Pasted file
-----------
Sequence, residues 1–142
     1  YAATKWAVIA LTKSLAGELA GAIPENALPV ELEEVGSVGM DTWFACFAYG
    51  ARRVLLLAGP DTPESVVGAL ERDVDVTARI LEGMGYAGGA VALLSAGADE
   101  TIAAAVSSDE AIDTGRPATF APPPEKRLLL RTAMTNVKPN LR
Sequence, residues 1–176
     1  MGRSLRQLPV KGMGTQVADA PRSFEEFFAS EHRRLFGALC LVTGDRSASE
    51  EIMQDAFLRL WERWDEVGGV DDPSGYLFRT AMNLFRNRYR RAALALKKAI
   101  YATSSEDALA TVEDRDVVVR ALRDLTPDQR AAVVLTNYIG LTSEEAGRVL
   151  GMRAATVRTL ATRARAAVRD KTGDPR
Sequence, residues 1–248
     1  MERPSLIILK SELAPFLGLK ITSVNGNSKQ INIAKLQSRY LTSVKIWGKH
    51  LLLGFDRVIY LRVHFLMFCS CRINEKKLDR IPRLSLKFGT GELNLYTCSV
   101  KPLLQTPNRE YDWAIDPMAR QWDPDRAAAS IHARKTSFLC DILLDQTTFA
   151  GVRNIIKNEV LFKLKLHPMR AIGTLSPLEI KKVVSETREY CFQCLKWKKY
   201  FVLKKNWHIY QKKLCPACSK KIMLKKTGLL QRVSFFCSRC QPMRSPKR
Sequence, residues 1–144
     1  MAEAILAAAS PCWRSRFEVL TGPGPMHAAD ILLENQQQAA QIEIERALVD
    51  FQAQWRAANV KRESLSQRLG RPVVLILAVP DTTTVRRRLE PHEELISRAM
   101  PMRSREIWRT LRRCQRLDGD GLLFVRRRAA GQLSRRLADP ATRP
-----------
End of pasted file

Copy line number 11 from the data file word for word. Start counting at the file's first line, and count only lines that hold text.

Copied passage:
     1  MERPSLIILK SELAPFLGLK ITSVNGNSKQ INIAKLQSRY LTSVKIWGKH